Is pharma’s engagement with social media – SICK?

Richard Heale

The Thoughtware Group*

The definition of a pharma customer is changing rapidly. These changes make the task of customer targeting increasingly complex.

The one thing all customer groups have in common, however, is that they can, and do, communicate on the web.


Does this common factor point the way to a strategy which could make sales easier to achieve in an increasingly complex marketplace?

As the sales agenda gets more complex in pharma, so does the definition of what constitutes communication on the web particularly via the so-called ‘social media’ which now encompass Facebook, YouTube, Twitter and a host of blogs and other forums.

Along with that increasing complexity is the growing integration of social media technologies such as text analytics, crowd sourcing and mobile telephony.

Such technological integration presents a rich platform from which to understand the pharma customer, while presenting an equally challenging landscape for pharma.


“The one thing all customer groups have in common, however, is that they can, and do, communicate on the web.”


Analysis of social media &amp, pharma sales

There is no doubt in my mind that the evolution of social media is generating significant opportunities, and therefore we have to address and overcome any issues that might arise.

Indeed, it could be argued that the opportunity to garner customer insights through analysis of customer-to-customer web-based communications, creates the potential to transform pharma sales and marketing.

It is notable, however, that while many pharma executives think themselves savvy on digital communications, many do not yet seem to be engaging effectively with analysis and use of social media.

They appear to be generally reluctant to harness the power of social media and to seize the opportunity to generate web communication-derived insights into the thinking and behaviour of their current and future customers.


“They appear to be generally reluctant to harness the power of social media…”

Why is this?

Looking for reasons

Is the reason for this reluctance that the pharma executive doesn’t believe that the rich ocean of communication that is the web actually exists in terms of volume, depth or ‘fish to catch’? Or do they believe that ‘web trawling’ and ‘text analytic’ technologies, or the companies that employ them, just aren’t up to the task?

No, that cannot always be the case.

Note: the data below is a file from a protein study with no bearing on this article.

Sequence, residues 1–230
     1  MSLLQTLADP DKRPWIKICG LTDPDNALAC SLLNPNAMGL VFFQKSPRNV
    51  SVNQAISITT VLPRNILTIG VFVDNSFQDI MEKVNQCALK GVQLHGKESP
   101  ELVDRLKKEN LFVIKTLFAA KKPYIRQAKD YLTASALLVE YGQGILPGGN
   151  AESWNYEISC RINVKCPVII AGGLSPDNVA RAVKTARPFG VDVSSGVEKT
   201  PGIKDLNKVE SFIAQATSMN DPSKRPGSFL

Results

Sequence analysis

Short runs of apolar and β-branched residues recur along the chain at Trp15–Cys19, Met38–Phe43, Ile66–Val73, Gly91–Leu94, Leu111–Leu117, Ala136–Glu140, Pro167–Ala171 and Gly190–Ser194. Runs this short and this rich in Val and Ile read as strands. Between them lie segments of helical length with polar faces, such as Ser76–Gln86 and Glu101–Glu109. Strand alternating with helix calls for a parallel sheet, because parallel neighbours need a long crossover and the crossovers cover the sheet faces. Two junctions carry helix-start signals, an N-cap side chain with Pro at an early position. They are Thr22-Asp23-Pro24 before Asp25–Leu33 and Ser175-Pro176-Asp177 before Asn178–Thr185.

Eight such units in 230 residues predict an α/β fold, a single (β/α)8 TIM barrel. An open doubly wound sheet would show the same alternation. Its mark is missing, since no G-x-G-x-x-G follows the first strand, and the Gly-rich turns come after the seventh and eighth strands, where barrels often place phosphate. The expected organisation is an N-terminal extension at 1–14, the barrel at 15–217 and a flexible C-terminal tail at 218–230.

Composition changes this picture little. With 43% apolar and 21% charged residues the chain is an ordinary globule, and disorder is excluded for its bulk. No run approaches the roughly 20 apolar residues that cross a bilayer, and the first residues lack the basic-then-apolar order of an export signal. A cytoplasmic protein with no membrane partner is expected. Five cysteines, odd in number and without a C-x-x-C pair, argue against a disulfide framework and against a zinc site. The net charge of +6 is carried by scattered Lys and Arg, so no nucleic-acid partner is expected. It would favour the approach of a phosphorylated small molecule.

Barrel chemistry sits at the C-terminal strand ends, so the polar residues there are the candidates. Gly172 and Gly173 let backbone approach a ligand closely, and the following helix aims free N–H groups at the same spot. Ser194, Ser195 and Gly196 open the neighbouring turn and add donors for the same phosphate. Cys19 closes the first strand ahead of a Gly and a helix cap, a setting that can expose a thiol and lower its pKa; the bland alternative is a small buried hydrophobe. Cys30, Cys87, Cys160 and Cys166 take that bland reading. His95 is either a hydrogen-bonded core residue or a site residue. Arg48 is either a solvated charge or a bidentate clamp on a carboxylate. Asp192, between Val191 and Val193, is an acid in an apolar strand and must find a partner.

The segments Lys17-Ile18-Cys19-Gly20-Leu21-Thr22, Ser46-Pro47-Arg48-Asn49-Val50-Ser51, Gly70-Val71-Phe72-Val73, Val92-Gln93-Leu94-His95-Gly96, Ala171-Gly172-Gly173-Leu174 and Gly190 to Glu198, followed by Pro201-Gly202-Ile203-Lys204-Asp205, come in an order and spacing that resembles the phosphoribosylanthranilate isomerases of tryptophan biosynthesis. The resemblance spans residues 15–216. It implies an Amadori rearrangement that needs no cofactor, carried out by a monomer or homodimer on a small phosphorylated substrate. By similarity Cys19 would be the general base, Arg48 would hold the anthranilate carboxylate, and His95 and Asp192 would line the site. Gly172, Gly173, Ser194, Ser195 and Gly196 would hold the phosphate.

The exponentially increasing pharma web communication statistics speak for themselves as do the ‘case study’ outcomes of previously-trawled pharma marketplaces.

Physicians and patients are finding others with whom to converse, collaborate, influence and advise in ever-increasing numbers and in ever-widening subject areas on the web.

And these groups are not the end of the pharma customer sales target list.

Payers and regulators – both public and private – are obvious additions.

‘Patient carers’ and the ‘pharma media,’ which now includes anyone who chooses to blog, tweet, facebook, etc on anything related to pharma, are also now part of the pharma stakeholder base.

All of these groups are discussing questions which are highly relevant to pharmaceutical sales. Importantly, they are doing this on the web, in public and in large numbers. The critical mass of web communication in the pharma marketplace was reached long ago.


“The critical mass of web communication in the pharma marketplace was reached long ago.”

While these pharma marketplace stakeholders may not all be paying customers they are, at the very least, significant direct or indirect influencers of the size and nature of sales.

So if the opportunity for powerful insights is available to pharma executives through the analysis of web-based communication, why is the opportunity being ignored so frequently?

Could it be that pharma executives don’t believe that useful marketplace insights can be generated from analysis of stakeholder communications?

That is hard to believe when there are examples of analysis of such communications that correlate, at a highly statistically significant level, the specific words that are used in a sales process with the probability of a successful sale. Such insight has been described as the ‘Holy Grail’ of sales by one senior pharma commentator.